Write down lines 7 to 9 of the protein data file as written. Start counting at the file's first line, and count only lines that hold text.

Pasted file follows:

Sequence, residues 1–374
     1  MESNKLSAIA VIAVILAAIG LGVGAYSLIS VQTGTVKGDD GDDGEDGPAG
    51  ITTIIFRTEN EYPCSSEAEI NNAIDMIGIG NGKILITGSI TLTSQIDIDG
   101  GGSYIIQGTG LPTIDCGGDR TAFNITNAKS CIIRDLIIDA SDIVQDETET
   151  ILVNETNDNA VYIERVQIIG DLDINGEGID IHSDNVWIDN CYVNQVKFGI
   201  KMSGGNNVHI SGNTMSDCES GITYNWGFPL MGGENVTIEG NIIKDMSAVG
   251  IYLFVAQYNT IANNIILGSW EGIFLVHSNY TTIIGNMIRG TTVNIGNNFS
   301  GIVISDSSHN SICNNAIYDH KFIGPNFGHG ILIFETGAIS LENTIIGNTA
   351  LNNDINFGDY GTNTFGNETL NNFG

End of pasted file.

   251  IYLFVAQYNT IANNIILGSW EGIFLVHSNY TTIIGNMIRG TTVNIGNNFS
   301  GIVISDSSHN SICNNAIYDH KFIGPNFGHG ILIFETGAIS LENTIIGNTA
   351  LNNDINFGDY GTNTFGNETL NNFG